We human beings like explanations, especially when it comes to destruction. We want to be able to pinpoint the root cause for things we don't comfortably understand. We want a boogeyman.
That's been the case with the recent spate of youth violence that has spiked crime stats and prompted collective hand-wringing in Hartford. It seems a day can't pass without someone asking "What's to blame?" "Why is this happening?" We need to know there's a cause, because if we can't find it, there but for the grace of ...
Those of us who work with young people are often deemed the equivalent of experts on the subject, asked to ease the collective fears of a community. Give a reason, zero in on the cancer so we can biopsy it, chemo it - or remove it altogether. And with every child who pulls a trigger, every child who's laid to rest, the last becomes a more popular solution.
The reasons cited for youth violence are the usual suspects: poverty, teenage parents, single parents, substance abuse, poor education. Some of these I buy to an extent, but most of them not. None of the young people I've ever worked with ever blamed their single, undereducated teen mother or their incarcerated, drug-addicted father for their decision to assault another person. And I know plenty of folks who grew up in those situations or worse and never saw the answer in violence.
From where I stand, this is all about false hope. Children come into this world with their eyes full of promise and their hearts full of dreams. And we let politics, greed and misguided good intentions slowly tear away at them until they're so disappointed and numb that they're willing to do anything to feel something. And that anything is usually a violent act. So the question should be: How do you restore hope?
First, we have to be willing to admit that there has been a failure of magnificent proportions. We have failed these children by deploying people to deal with them who know that when the problem is fixed, their livelihood is done. Not much motivation to do your job well, is it?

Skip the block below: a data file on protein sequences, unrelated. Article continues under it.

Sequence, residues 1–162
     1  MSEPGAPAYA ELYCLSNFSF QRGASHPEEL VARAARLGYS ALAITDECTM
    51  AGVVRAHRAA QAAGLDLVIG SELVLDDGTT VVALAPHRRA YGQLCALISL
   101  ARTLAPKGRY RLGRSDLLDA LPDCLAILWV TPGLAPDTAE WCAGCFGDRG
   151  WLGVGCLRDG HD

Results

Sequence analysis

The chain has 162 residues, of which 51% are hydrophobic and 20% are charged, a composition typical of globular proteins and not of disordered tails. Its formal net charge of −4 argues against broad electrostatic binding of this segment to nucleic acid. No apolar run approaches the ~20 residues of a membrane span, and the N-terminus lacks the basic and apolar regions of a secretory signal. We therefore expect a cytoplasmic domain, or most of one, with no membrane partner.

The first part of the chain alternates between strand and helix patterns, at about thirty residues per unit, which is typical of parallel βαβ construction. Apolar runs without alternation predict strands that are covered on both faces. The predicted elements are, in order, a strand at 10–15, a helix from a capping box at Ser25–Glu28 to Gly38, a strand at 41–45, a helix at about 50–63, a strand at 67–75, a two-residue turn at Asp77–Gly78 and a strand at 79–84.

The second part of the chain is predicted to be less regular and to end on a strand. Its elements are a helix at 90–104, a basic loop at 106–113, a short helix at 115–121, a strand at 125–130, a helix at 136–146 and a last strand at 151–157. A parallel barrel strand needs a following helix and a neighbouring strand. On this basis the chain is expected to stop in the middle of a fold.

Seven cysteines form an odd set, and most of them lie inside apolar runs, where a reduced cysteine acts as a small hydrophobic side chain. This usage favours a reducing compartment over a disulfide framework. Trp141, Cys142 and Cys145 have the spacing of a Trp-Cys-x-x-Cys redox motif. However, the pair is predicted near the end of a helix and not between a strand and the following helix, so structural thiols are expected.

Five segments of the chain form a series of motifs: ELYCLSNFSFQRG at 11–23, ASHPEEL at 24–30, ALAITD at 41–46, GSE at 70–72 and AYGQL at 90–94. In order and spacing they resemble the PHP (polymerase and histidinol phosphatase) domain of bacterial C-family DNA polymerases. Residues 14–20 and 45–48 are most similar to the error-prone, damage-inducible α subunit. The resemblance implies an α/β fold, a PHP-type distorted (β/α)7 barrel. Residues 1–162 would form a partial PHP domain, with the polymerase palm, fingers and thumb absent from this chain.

The state child advocate and the attorney general recently described the revolving door of the juvenile detention system, and the same deplorable stats exist on the street level. We have lists of so-called at-risk youth who are receiving services. Yet if we did a "Whatever Happened To ...?" I'm willing to bet the majority of those children have been lost, figuratively or literally.
Second, a child can't be what he or she doesn't see. And if they can't see hope in the faces of those around them, what's left? All around this city, we're building buildings - new schools, new offices, new churches. If you gauge how a city is doing by its development barometer, you'd think Hartford was in fact a rising star. But if the people who live in this city cannot get access to those jobs, if they jump through all the assigned hoops and still can't get to the table, you've destroyed their hope.
And if they can't feed their children, that hopelessness is exacerbated. Hopelessness begets anger, anger begets violence. And violence runs in families.
Lastly, there have been systems put in place supposedly aimed at making things better for our young people but having the opposite effect.
The state Department of Children of Families issues edicts about child-rearing, creating mothers and fathers who are afraid to discipline their children. Some of those empowered children now strike fear in their parents. The Hartford Housing Authority, deciding that projects weren't such good experiments after all, tore down those places that housed our neediest residents.
But without addressing the conditions that put them there, and with welfare reform not doing well, the issues were dispersed, not dealt with. Moreover, while those back-in-the-day public housing complexes were less than perfect, they were communities. I often hear adults talk about growing up in the Square (Bellevue Square), the Ville (Stowe Village) or the Point (Dutch Point). Once those communities were removed, you were left with a generation of young people looking for someplace to belong.
Now you have kids who've decided to claim the streets they live on or near, to try and re-create that sense of identity. And with so much out of their control, they will fight to the death if necessary to control that.
About a month ago, I went to visit one of the children who'd come into my life. He'd been out of school since April, when he was shot on his way to a store. We talked about when he was going back; he said his leg hurt too much to sit still in class. I told him we could get a tutor to come to his house so he could keep up with his studies, but he shook his head. "I'm not gonna need a tutor, Miss."
The next day, he died of complications from his injuries. I'm not sure if he knew he was leaving that soon or if he figured that furthering his education wasn't a dream worth pursuing.
Either way, something's wrong with that picture.
Reprinted with permission of the Hartford Courant.
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